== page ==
As in my last blog, I looked for historical precedence for this particular behaviour.
I found a possible explanation in the response to the slave trade in research by Du Bois. When the slave trade was of least financial advantage in 1774 and 1804, it might have been possible to exert moral persuasion to eliminate it, but, “A fatal spirit of temporizing, however, seized the nation at these points; and although the slave-trade was, largely for political reasons, forbidden, slavery was left untouched. Beyond this point, as years rolled by, it was found well-nigh impossible to rouse the moral sense of the nation. Even in the matter of enforcing its own laws and co-operating with the civilized world, a lethargy seized the country.” (The Project Gutenberg EBook of The Suppression of the African Slave Trade to the United States of America, by W. E. B. Du Bois)

By the Way: I wonder if this is what President Trump and Kelly, his Chief of Staff, were banking on when planning this policy, that the moral sense of the nation is asleep.

Thursday, 5 July 2018


Different Strokes: Answers to the Perplexing Differences Between Americans and Canadians is the product of the theory, investigation and subsequent proof. The answers emerge from the beginnings of each country. Knowing this helps to explain what we see and read in current events.

It is shocking to see children separated from their parents now, when we know how damaging and traumatic it can be in the long run.  Indigenous people in Canada and the Canadian government are still dealing with the emotional fallout from First Nation, Inuit and M├ętis children sent to residential schools.

In America the separation of children from their parents was a regular occurrence during the era of slavery. The Slavery Code of 1698 in the southern states was a carry over from the one in Barbados, where the American southern planters originated. It was the most brutal slavery code at the time.  This punitive code was not universal; slave owners in Virginia were much more humane in their dealings with their slaves.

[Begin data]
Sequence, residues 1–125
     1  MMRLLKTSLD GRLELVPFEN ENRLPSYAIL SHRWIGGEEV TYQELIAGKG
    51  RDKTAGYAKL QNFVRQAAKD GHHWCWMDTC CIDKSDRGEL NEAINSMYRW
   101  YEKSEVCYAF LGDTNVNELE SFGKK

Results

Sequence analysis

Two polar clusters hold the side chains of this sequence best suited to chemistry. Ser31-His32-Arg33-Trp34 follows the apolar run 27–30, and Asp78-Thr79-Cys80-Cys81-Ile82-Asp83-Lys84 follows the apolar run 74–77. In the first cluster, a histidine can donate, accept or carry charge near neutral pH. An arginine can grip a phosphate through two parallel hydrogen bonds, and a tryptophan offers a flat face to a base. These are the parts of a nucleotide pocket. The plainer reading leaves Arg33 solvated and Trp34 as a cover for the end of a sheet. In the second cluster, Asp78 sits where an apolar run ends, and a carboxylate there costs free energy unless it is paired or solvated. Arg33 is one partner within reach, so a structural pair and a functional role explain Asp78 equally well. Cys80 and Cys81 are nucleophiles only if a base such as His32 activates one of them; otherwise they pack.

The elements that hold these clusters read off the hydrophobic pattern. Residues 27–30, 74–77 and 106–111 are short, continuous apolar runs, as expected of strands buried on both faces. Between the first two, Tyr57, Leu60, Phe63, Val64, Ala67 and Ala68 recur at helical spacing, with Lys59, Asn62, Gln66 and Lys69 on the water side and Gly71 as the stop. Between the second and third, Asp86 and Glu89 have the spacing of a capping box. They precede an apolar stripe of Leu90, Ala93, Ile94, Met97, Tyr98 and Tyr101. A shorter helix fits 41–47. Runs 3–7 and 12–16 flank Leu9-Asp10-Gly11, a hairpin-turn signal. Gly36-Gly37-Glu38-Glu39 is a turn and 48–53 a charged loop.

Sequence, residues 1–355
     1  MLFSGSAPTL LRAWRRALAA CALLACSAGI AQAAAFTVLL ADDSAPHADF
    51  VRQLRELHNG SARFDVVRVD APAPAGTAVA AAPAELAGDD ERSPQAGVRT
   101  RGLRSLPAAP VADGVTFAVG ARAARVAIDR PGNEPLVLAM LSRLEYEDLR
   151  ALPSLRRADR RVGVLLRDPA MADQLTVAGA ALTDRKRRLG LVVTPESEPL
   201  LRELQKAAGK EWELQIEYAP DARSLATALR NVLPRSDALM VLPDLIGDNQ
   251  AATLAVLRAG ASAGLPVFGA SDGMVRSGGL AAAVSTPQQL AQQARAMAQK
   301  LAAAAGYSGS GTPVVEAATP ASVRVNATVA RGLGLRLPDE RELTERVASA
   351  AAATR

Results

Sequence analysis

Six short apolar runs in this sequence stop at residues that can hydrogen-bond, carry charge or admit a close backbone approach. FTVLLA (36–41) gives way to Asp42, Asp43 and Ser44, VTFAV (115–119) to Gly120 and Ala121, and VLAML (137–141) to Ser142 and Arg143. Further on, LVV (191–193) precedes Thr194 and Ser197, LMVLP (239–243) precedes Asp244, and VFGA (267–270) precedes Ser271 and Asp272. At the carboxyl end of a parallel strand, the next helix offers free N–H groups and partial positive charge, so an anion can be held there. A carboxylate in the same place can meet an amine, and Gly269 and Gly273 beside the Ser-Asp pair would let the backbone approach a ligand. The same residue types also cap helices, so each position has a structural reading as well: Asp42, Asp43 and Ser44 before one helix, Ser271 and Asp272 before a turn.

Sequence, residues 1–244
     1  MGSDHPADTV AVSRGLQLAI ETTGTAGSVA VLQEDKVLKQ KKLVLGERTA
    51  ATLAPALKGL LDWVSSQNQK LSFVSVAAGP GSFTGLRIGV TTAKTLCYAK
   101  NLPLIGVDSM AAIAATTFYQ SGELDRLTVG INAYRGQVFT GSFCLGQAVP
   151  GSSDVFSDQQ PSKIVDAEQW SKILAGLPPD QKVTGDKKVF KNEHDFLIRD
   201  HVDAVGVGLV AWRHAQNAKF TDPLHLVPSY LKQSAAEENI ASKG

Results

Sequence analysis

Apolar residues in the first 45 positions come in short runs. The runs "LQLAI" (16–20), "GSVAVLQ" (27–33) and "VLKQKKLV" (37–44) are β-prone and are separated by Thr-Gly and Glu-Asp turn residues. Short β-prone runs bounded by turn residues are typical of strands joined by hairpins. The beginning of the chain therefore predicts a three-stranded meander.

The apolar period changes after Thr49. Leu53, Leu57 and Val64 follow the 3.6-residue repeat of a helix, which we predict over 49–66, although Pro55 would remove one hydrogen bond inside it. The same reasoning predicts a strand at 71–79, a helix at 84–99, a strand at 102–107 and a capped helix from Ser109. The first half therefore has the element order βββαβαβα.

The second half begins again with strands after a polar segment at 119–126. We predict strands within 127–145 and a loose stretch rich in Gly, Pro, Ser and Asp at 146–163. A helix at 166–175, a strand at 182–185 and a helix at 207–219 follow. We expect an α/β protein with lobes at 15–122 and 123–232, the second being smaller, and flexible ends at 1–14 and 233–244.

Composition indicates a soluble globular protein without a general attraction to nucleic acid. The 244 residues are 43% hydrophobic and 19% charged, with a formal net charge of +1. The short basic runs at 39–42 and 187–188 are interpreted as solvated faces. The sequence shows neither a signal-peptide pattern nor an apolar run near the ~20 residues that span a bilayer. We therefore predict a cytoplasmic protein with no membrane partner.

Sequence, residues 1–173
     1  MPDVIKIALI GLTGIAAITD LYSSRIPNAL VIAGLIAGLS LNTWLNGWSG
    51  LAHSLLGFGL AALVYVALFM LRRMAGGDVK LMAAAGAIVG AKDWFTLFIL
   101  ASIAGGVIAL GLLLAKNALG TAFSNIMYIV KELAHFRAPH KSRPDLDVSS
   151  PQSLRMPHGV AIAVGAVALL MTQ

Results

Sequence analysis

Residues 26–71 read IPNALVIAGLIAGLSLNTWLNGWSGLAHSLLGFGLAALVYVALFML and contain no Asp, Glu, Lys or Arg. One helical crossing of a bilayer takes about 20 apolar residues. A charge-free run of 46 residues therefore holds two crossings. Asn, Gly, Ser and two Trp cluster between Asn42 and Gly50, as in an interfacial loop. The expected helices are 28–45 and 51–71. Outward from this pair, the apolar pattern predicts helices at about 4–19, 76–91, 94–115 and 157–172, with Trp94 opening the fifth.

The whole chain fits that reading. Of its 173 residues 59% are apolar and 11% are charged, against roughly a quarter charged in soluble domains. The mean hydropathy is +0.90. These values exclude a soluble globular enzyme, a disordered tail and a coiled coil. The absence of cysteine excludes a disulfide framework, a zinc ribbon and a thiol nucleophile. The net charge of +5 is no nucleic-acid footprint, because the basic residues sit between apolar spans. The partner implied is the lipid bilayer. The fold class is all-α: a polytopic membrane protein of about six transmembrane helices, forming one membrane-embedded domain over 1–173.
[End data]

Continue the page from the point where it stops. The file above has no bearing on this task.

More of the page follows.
Punishment has also been a common theme in America. When the republic was formed in 1776, anyone who was not with the republic was considered a traitor. Land was confiscated and Loyalists were persecuted. That is why 50,000 Loyalists left to go to England, the Caribbean Islands and the majority to Canada.

Steve Schmidt, a Republican strategist, resigned from his position because of the child-separation policy. (Mason, Gary, The Warning…Op Ed column, Globe and Mail, June 22/18) Schmidt compared this policy to some of the worst abuses to humanity in the country’s history. “It is connected by the same evil that separated families during slavery and dislocated tribes and broke Native American families.”

Now there is a president in America who is impulsive, demeans people from Mexico and other Central American countries, plays to his base and has no concern for the chaos he is causing in their lives. He is carrying on some of the most inhumane actions perpetrated in the past in America.

By the Way: There has been a huge outcry against his actions because the majority of Americans has moved on from that inhumane behaviour or would never have acted that way in the first place.

Monday, 25 June 2018


After writing four books about Canadian explorers, the Explorer Chronicles Series consisting of Samuel de Champlain (Eng. And Fr.); The Vikings, Cabot and Cartier; Explorers of the Pacific Northwest and La Salle and The Rise of New France, and reading scads of research material, I have been thinking about what I have learned.

People travel, people are curious, people are drawn by novelty, and people want to make money by trading their goods for other goods of value. These desires drove the explorers to find new places and it drove their sponsors to invest in their travels.

Being a curious person myself, I started to ask questions about my country, Canada, and our nearest neighbour, United States of America. Why are we characterized so differently? Why are we so different in character?

Having been trained in university in science, I ask questions and I want answers. But first my job in answering my question is to have a theory. The answer is in the beginnings of each country.

The book I am writing now is the product of the theory, investigation and subsequent proof.

By the Way: the new book is titled, Different Strokes: Answers to the Perplexing Differences Between Americans and Canadians

Monday, 18 June 2018

A Sunday in the Country

We decided to take a Sunday drive on the back roads of Oxford and Norfolk Counties. Having lived in Woodstock for only four years, so we're still looking for interesting places to go. We headed south to Port Dover on Lake Erie. David's had been recommended for lunch. What a beautiful view to go along with and excellent lunch.

Wine tasting came next on our list. Burning Kiln Vineyard near Turkey Point was the destination.
The land was originally used to grow tobacco, but now is covered with grape vines.

There was a patio with bright red umbrellas and the food was supplied by David's! Who knew?
We've filed that info away for a later date to come with friends for lunch with good wines and music on the patio some Sunday later in the summer.

By the Way: the weather was superb and the drive proved to be another great adventure.